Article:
The new mortgage refinancing program buys into the idea that the government must intervene in the foreclosure crisis.
President Obama's recently announced housing plan contains a number of excellent proposals that should help Americans struggling to make ends meet. Simplifying lending documents, streamlining the refinancing process, providing funding for innovative local interventions, and increasing the incentives for private loan modification are wise and necessary initiatives.
Many of the key parts of the plan appear specially designed to circumvent the private sector's failure to act in its own best interest. Private lenders have not had high participation rates in any of the previous incentive-based programs and have opted to foreclose in many instances where there is a more economically rational option. There have already been two million foreclosures since the beginning of the housing crisis and another two million mortgages are seriously delinquent or already in the process of being foreclosed.
In an effort to reduce the high rate of foreclosure, the major refinancing initiative proposes to shift the risk associated with underwater loans from the private sector to taxpayers. The FHA would purchase underwater mortgages from private lenders at 100 percent of the current loan amount, refinance them at lower rates, and assume the risk of those loans defaulting. This is a dream scenario for banks; they get the full amount of a loan that, if it remained on their books, would be very likely to default.
In return for having the FHA assuming its riskiest mortgages, it makes sense that banks help fund the initiative. While the "new tax" on financial institutions intended to fund this program will be hard to pass, it is only equitable that the banks pay for this part of the plan. The tax should be calibrated to reflect the risk that taxpayers are assuming when the FHA buys the underwater mortgages. Otherwise, the FHA refinancing plan will become just another bank bailout.
Meanwhile, although reducing homeowners' monthly payments will affect the default rate, this plan does nothing to reduce the principle owed. As a result, homeowners will continue to walk away from homes that are underwater. In the third quarter of 2011, CoreLogic estimated that 10.7 million, or 22.1 percent, of all residential properties were still in negative equity. Principle reduction should be part of any serious housing proposal. In this regard, President Obama's proposal does not go far enough.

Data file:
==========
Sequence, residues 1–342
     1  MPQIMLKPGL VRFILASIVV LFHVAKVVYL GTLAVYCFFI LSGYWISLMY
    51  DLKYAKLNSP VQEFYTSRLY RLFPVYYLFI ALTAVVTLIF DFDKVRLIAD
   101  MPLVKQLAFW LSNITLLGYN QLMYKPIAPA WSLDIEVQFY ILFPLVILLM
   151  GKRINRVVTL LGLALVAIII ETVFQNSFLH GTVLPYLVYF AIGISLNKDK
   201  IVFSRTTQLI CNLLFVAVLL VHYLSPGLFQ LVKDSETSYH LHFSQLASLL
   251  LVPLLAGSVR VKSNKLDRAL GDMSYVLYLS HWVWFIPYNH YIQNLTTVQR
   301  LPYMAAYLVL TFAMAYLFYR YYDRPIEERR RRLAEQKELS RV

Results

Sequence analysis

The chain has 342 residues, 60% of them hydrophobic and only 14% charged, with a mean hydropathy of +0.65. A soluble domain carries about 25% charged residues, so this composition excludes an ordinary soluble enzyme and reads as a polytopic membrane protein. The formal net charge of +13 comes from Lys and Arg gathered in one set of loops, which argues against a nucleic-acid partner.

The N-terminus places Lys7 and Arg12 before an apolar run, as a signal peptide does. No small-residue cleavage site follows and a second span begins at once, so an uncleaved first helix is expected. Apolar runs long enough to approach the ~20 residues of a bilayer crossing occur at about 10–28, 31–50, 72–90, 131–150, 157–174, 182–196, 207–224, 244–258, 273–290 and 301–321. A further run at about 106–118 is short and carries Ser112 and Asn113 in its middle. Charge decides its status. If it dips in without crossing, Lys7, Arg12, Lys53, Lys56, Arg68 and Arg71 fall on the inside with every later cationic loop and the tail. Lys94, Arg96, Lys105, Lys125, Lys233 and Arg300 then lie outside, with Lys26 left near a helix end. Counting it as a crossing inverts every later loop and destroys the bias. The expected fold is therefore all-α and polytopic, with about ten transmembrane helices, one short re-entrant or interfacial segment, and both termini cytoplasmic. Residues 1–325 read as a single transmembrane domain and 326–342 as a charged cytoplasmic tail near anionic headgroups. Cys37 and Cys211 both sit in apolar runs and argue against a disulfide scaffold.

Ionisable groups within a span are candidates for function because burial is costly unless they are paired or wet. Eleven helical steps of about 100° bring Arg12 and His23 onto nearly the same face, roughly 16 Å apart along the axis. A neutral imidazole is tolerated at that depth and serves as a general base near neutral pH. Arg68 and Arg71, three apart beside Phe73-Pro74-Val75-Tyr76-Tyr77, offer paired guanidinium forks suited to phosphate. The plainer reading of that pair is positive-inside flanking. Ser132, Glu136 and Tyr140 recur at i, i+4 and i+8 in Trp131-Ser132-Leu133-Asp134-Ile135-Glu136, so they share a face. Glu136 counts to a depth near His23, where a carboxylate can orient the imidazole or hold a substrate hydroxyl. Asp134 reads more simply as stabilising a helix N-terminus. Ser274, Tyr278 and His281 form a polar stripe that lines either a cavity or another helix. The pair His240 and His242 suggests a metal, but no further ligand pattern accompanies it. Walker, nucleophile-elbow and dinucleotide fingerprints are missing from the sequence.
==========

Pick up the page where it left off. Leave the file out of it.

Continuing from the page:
Another part of the plan was a proposal to convert some real estate owned (REO) property held by Fannie Mae and Freddie Mac into rental property. This makes a lot of sense simply because we have a surplus of empty houses and a shortage of rental properties. But why aren't homeowners already being offered the opportunity to remain in the house as renters? Institutional lenders aren't designed to be landlords (like they aren't designed to modify mortgages), but this is an opportunity for investors and management companies to fill the obvious gap. Hiring companies to manage the properties could also create local jobs, which would have an added economic stimulus.
While I wish the plan were stronger, it contains some very worthwhile proposals that will help millions of American homeowners be able to afford their mortgages. It's a pity that it is being so poorly received by Republicans in Congress. There should be a rigorous debate in Congress about the most effective intervention, not about whether intervention should take place at all.
Kristen Tullos is a Roosevelt Institute Pipeline | Fellow and a third-year student at Emory Law School in Atlanta .